A traditional single board computer (SBC) is a complete computer – including a microprocessor unit (MPU), memory, input/output (I/O), and other features required of a functional computer – all realized on a single printed circuit board (PCB). Traditional SBCs also include standard connectors that allow input/output peripherals to be connected directly to the board.
The concept of “future-proofing” an electronic system includes designing the product in such a way as to accommodate the increased computational requirements of evolving and new applications. Unfortunately, the fact that they combine processing functions with other elements means that traditional SBCs can be the limiting factor with regard to future-proofing the systems in which they reside.
One solution for equipment manufacturers who want to “ride the wave” of an increasingly competitive marketplace is to adopt a strategy based on the use of Computer-on-Modules (COMs).
Like an SBC, a COM is a complete embedded computer system implemented on a relatively small PCB. Such a COM is centered around a processor (possibly containing multiple cores), memory, input/output (I/O) controllers, and any other features required to implement a fully functional computer.
Unlike a traditional SBC, however, a COM lacks the standard connectors that would allow input/output peripherals to be connected directly to the board. Instead, the COM is plugged into a carrier board (or “baseboard”), which contains any additional components and subsystems. This allows the COM to focus on providing the core compute capabilities, while the carrier boards provide the “secret sauce” that allows system designers to differentiate their products from competitor offerings.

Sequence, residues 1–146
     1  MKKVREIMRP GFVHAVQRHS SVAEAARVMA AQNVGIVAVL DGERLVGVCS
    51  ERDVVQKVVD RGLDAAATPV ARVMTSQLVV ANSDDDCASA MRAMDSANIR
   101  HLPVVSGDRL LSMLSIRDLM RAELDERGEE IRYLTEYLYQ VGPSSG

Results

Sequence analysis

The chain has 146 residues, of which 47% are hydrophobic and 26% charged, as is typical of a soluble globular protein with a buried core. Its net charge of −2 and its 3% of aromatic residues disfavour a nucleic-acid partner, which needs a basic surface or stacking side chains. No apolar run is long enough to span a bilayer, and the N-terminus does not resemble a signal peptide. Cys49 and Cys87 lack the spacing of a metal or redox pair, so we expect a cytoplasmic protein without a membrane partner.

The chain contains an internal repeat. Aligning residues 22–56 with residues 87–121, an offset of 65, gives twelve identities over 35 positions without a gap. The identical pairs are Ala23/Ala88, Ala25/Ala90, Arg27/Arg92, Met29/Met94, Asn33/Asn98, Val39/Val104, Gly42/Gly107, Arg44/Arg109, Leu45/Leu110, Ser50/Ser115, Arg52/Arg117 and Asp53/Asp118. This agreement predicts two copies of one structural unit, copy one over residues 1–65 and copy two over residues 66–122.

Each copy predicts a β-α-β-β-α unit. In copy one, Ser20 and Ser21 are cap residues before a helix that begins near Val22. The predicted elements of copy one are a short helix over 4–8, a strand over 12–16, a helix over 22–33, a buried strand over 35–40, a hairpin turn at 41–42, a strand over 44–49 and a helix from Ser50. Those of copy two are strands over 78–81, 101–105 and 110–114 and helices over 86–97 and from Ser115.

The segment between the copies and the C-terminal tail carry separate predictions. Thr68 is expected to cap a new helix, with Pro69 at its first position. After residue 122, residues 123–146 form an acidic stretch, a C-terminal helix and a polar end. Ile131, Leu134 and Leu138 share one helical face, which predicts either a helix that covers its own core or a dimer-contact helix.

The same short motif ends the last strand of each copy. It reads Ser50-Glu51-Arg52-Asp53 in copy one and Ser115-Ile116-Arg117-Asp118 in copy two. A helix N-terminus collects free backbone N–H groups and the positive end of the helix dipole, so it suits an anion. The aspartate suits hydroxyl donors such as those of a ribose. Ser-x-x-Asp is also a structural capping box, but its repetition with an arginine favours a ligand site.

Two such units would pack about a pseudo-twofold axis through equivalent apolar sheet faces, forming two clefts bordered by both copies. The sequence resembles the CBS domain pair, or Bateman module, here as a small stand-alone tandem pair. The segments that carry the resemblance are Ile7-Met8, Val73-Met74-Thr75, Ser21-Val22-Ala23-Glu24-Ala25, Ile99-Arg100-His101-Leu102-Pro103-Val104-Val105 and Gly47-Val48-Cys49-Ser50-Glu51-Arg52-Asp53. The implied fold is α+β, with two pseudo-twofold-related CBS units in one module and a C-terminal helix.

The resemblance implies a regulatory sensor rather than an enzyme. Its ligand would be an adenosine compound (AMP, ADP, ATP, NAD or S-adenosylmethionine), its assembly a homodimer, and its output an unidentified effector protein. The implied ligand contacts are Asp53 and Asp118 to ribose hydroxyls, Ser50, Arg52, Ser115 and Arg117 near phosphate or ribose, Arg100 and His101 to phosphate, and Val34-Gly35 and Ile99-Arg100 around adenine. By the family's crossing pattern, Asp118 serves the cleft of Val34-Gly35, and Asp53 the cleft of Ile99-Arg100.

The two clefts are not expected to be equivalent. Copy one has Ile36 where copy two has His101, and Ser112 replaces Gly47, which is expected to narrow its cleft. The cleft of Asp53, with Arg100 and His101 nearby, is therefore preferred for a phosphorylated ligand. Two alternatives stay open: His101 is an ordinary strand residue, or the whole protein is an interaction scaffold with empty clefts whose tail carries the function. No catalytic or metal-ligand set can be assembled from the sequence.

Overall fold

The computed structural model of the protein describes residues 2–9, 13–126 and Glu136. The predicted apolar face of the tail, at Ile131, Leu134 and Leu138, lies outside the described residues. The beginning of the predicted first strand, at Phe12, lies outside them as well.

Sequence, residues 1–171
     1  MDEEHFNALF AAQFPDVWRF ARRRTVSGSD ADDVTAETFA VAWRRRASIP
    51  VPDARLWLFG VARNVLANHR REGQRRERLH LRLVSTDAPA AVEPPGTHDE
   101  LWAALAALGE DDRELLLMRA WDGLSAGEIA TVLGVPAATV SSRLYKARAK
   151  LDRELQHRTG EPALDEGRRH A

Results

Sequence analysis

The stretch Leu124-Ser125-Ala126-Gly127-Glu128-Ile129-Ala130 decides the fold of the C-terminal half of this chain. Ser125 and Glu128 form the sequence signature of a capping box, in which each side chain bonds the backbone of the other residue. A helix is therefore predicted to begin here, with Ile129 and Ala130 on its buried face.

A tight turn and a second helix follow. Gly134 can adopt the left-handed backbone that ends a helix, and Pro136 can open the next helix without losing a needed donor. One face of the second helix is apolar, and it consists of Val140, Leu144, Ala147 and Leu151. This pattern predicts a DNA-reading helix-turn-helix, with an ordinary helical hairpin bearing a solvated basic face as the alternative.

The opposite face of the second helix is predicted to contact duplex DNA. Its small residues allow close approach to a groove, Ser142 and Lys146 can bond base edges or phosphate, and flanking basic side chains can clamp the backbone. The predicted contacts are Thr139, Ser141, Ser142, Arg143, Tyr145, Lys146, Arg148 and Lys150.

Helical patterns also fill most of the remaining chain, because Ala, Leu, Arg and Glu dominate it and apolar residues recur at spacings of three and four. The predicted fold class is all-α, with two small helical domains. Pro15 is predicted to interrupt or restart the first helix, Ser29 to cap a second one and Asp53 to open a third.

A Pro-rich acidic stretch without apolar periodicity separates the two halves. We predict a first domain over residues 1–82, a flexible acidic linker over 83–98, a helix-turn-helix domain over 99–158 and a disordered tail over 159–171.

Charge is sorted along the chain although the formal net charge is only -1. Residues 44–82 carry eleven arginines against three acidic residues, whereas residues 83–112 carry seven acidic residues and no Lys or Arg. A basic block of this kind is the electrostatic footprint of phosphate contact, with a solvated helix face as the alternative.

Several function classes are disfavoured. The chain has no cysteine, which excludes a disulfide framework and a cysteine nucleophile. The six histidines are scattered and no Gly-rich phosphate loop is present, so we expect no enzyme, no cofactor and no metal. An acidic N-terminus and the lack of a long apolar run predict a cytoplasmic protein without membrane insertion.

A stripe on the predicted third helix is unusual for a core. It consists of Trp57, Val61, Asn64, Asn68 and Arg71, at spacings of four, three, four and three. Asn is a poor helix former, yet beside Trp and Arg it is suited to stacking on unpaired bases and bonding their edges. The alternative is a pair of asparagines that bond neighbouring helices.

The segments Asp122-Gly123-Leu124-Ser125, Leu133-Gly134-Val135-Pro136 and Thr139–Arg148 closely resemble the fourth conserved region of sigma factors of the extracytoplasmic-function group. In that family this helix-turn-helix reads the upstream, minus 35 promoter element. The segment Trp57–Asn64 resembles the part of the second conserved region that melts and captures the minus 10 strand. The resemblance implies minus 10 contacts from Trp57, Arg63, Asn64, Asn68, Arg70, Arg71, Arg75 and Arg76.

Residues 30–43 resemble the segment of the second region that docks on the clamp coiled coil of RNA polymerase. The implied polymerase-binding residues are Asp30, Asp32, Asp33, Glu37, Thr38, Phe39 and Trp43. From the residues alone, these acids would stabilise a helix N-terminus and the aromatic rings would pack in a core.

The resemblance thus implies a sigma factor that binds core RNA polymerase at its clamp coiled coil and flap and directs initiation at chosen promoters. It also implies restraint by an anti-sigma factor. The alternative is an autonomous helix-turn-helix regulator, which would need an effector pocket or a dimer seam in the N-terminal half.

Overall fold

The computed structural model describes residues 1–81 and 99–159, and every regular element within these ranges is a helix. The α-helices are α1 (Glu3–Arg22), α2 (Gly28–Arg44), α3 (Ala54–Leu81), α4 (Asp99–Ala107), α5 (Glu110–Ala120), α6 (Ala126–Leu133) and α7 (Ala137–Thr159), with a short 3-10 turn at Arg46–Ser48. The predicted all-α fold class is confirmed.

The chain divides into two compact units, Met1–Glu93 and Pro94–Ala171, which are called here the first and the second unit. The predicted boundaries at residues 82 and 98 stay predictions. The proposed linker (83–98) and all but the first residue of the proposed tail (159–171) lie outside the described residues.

Using an existing off-the-shelf COM allows system architects to satisfy a wide range of product requirements in a way that reduces development time, effort, and resources, speeds time-to-market, and minimizes risk. Furthermore, using COMs based on industry-standard interface specifications help future-proof the systems in which they reside because it’s possible to replace an existing COM with a higher-performance unit without changing the rest of the system; also, it’s possible to source COMs from multiple vendors as required.
SMARCs: The State-of-the-Art in COMs
The COM concept – having a COM board providing the core compute capabilities residing on a carrier board carrying additional functionality and the design’s “secret sauce” – is of interest in its own right, even if designers are using proprietary (possibly in-house designed) COMs. However, using industry-standard COM offerings allows designers to take full advantage of the benefits offered by a COM-based approach.
There are a number of industry standards for COMs, each addressing different application areas. One of the most popular standards is SMARC (Smart Mobility ARChitecture), whose specification is published by the Standardization Group for Embedded Technologies e.V.
(SGET). SMARC COM modules are specifically designed for the development of extremely compact, low-power systems based on ARM and x86 SoCs.